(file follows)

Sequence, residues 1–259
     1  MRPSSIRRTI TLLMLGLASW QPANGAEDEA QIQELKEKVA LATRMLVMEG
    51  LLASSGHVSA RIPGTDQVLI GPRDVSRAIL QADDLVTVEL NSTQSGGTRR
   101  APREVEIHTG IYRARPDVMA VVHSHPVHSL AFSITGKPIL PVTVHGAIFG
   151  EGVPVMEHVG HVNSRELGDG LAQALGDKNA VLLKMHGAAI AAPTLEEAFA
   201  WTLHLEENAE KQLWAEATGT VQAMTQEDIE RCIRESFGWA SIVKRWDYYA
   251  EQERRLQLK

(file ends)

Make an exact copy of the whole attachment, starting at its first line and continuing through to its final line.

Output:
Sequence, residues 1–259
     1  MRPSSIRRTI TLLMLGLASW QPANGAEDEA QIQELKEKVA LATRMLVMEG
    51  LLASSGHVSA RIPGTDQVLI GPRDVSRAIL QADDLVTVEL NSTQSGGTRR
   101  APREVEIHTG IYRARPDVMA VVHSHPVHSL AFSITGKPIL PVTVHGAIFG
   151  EGVPVMEHVG HVNSRELGDG LAQALGDKNA VLLKMHGAAI AAPTLEEAFA
   201  WTLHLEENAE KQLWAEATGT VQAMTQEDIE RCIRESFGWA SIVKRWDYYA
   251  EQERRLQLK